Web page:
The one-room school was very important to the rural people living in Gillespie County. Here, near their homes, the children learned the "3R's" - reading, writing, and arithmetic - enabling many of them to go on to high school and college. The schools were located close enough to children's homes to allow to them to walk to school. There were 31 one-room schools located in Gillespie County; only one - Doss School - remains in operation today.
The History of the Junction School
The first one-room schoolhouse on the Pedernales River was actually a tent in the Christadelphian campgrounds one mile east of the present day Junction School. In 1882, the tent was replaced by the community with a small frame building that served both as a school and church. On September 27, 1910 John Pehl sold to the school district 2 3/4 acres of land on the north side of the Pedernales River to a build a new school. The fall term opened in the new school on November 21, 1910. The Junction School served the area for over 37 years. In the spring of 1947 the Junction School became part of the Stonewall Consolidated School District. This move closed the Junction School and the students attended the nearby Stonewall School. In 1972 the National Park Foundation purchased the land to become part of the Lyndon B. Johnson National Historical Park.
The Junction School was a typical one-room school. A wood stove sat in a sand box in the center of the school and was the only source of heat. Two kerosene lamps suspended from the ceiling at opposite ends of the room provided light. The teacher's desk and a chair were in front of the classroom. A small brass bell on the teacher's desk summoned the students. Students sat at double desks which had wooden tops with holes for the glass inkwells. The desks were arranged in rows facing the teacher's desk; the boys in one row and the girls in another.
The Future President Starts School
One of the students at the Junction School was a 4-year old boy by the name of Lyndon Baines Johnson. He was born just up the road from the school on August 27, 1908 to the proud parents Sam and Rebekah Johnson. A typical little boy, he liked to ride his horse and play with other children and his dog, Bigham Young. Since Lyndon could hear the children outside before school and at recess, he would run down to the school house to play with them. His mother - constantly worried he would get lost - talked to the teacher, Miss Katie Deadrich, about enrolling him early into school. As an adult, President Johnson loved to relate how he had insisted upon sitting in Miss Katie's lap for his reading lessons. Johnson only attended Junction School for several months in 1912 since the school closed early due to a whooping cough epidemic. His family moved to Johnson City by the start of the next school year. In 1924, he graduated from high school in Johnson City and later attended Southwest Texas Teachers' College in San Marcos where he received his teaching degree. Johnson taught school for a while in Houston, Cotulla, and Pearsall, Texas.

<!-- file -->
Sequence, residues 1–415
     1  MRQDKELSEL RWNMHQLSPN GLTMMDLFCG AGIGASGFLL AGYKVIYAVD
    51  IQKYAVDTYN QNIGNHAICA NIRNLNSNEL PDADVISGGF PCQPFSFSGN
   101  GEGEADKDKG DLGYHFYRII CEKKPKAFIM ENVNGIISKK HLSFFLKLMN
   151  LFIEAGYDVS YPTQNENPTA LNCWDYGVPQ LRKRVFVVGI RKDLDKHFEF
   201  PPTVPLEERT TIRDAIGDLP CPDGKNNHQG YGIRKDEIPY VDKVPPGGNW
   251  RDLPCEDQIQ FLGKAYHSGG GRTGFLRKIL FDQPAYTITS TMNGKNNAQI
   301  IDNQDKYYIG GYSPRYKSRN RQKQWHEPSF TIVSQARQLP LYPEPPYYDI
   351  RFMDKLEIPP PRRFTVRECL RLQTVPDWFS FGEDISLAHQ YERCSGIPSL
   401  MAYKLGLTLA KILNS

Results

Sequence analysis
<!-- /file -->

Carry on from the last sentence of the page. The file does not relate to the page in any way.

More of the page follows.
LBJ Library Photo by Frank Wolfe
The Education President
The Johnson Administration saw the passage of over 60 education bills, more education legislation than in any other presidential administration. In comparison, only six major education bills were passed from the time of Lincoln to Kennedy. With such an interest in education, it was only fitting that President Johnson would come back to his first school to sign one of these major education bills. Sitting at a picnic table on the lawn of the Junction School with Miss Katie Deadrich (his first teacher) at his side, President Johnson signed the Elementary and Secondary Education Act on April 11, 1965.
"No measure I have signed, or will ever sign, means more to the future of America...."
Provisions of the
Did You Know?
An invasive plant that Lyndon B. Johnson National Historical Park has problems with just happens to be a non-native grass called Johnson Grass. Besides being tough to get rid of, it is poisonous to livestock if eaten just after a freeze. (photo ©Barry A. Rice/The Nature Conservancy)